“This reality has profound implications for economic growth: consumers saving for retirement need to reduce spending if they are going to reach their retirement income goals and retirees with lower incomes will need to cut consumption as well. A monetary policy intended to spark growth, then, in fact, risks reducing consumer spending,” Fink wrote.
Might I add that if developed markets are now driven by consumption, and assaulted by demographics, then perhaps central bankers need to recalibrate their tools.
6. Here it comes – the junk bond default cycle will kick off in 2017, says Deutsche Bank. Here’s one to keep an eye on. Nothing blows up finanicial markets like the results of a debt binge when the bonds issued, by corporations, banks, or sovereign nations lose value, or default. This year the focus has been on oil and gas bonds, their potential default and the effect that might have on bank losses. Yet with the recovery in the price of crude, many of those fears seem to have washed away.
Not so fast, says Oleg Melentyev and his team of US credit strategists at Deutsche Bank. Melentyev says rather than the troubles in debt going away, investors were just a year early. That’s bad news for global banks still under pressure and it’s bad news for markets more broadly as credit bombs have a funny way of setting off secondary market explosions everywhere. Ben Moshinsky has more here.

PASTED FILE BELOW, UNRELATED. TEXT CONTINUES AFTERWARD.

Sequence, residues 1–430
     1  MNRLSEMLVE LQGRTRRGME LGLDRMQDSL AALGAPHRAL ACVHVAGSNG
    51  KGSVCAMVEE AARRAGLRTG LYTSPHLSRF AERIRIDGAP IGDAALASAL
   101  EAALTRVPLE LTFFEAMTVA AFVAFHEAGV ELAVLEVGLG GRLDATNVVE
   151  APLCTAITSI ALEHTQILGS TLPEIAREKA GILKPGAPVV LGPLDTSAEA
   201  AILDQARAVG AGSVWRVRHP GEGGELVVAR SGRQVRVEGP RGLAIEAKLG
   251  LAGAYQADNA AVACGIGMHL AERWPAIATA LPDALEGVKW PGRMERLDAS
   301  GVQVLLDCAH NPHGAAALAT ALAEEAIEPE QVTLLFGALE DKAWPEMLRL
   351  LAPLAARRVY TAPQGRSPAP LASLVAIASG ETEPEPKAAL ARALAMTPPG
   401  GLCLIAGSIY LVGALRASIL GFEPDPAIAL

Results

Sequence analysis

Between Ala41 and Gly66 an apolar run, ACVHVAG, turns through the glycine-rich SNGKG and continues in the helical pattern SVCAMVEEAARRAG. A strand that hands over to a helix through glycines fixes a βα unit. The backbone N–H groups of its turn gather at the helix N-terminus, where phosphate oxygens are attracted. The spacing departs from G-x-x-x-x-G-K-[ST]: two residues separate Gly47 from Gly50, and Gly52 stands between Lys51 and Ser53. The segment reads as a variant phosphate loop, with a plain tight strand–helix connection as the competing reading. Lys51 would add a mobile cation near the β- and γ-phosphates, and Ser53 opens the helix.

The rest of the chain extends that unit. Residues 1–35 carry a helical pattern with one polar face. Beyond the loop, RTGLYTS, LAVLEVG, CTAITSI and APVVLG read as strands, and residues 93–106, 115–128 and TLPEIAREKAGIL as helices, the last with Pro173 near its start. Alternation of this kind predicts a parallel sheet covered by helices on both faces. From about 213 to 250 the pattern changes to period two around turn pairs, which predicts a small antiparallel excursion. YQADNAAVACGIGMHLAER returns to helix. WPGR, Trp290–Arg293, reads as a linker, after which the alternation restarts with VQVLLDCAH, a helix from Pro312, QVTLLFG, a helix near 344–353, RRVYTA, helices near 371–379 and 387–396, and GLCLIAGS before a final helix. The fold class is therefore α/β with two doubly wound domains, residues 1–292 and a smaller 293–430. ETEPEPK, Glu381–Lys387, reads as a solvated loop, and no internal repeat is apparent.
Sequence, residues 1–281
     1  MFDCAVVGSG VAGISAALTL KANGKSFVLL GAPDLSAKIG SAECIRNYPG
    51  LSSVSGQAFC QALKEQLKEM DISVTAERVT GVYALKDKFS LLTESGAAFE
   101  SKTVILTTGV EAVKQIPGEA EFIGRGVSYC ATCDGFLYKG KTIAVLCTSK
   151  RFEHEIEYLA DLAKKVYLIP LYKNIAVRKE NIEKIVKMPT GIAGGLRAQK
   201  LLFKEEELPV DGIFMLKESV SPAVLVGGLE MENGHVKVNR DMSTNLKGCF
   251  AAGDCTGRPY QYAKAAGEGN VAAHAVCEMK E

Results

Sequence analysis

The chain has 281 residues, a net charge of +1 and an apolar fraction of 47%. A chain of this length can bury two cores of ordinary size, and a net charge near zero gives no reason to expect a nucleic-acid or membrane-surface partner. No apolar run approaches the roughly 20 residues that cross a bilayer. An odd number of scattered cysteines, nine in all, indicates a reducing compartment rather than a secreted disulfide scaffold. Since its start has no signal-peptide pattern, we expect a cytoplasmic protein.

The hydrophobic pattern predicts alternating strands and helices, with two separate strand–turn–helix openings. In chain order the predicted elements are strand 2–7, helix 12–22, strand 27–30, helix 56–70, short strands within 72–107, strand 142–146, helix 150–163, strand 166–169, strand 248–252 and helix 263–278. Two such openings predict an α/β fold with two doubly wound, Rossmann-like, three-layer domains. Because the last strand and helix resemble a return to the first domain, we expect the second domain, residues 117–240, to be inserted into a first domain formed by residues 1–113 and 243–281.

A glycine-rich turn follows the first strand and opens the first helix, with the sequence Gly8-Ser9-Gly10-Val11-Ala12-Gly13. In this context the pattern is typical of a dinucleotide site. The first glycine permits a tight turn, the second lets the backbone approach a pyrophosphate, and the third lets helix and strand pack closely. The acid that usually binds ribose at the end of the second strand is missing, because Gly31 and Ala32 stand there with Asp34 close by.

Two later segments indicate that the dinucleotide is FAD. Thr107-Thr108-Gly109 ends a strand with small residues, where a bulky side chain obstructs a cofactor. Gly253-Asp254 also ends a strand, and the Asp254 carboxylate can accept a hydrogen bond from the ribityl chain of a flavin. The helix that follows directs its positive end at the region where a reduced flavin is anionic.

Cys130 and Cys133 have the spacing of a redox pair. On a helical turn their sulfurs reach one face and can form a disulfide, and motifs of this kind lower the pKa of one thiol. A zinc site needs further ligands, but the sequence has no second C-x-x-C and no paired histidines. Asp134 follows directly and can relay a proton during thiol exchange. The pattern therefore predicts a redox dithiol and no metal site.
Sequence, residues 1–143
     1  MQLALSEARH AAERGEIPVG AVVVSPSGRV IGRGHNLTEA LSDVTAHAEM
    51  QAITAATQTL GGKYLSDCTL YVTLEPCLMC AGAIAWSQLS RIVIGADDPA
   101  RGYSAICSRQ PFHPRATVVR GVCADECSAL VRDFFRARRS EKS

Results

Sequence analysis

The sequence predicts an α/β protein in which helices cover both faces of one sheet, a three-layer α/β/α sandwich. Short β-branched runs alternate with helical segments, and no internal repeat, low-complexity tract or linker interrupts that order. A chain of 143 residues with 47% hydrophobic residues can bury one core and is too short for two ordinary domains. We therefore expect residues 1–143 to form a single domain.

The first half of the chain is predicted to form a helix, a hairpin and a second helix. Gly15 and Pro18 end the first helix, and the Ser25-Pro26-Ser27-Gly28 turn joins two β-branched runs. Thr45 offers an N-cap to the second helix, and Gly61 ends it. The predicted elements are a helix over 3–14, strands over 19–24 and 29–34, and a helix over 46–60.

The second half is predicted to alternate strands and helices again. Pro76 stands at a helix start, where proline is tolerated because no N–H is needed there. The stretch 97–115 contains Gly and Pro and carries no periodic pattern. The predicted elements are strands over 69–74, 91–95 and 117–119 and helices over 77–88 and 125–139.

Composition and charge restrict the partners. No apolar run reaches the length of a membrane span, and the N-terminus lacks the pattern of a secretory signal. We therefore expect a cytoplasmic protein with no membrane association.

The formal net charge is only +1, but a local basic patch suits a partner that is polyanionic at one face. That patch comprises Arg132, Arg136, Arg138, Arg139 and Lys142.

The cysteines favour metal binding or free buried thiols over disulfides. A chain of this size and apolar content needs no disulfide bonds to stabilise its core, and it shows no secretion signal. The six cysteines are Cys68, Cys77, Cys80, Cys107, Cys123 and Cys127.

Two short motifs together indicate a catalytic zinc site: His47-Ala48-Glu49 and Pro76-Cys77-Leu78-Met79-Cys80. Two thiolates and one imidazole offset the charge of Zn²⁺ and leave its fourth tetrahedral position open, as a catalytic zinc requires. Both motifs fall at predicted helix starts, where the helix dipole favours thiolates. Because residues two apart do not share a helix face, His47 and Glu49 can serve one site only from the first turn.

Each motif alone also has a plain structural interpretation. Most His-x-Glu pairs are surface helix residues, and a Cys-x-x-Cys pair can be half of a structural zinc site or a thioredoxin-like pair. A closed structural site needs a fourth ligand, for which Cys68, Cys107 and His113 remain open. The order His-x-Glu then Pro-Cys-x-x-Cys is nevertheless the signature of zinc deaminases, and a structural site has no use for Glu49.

Key data for the past 24 hours (with thanks to BNZ markets)
NZ: Credit spending retail (m/m, % ), Mar: 0.1 vs. 0.3 exp.
CH: CPI (y/y, %), Mar: 2.3 vs. 2.4 exp.
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And now from CMC Markets’ Ric Spooner is today’s Stock of the Day
Newcrest Mining (NCM: ASX)
The US Dollar Index is within about 2% of support levels at the bottom of the range that has contained it for the last year. What happens around this support looks like a key question for world markets. A bearish break by the $US would have significant implications on a whole lot of fronts.
Although, not as well defined, gold and Newcrest Mining also have resistance a bit more than 2% above current levels. If the Dollar holds support, these resistance levels are likely to hold. If the Dollar support breaks; gold and Newcrest could be off and away.
The Newcrest resistance is made up of the previous high and 50% retracement around $18.60. Personally I’d be looking for an emphatic break of this resistance before jumping to bullish conclusions. Nudging through and oscillating around the resistance, would be more like bearish reversal behaviour.
Ric Spooner, chief market analyst, CMC Markets
You can follow Ric on Twitter @ricspooner_CMC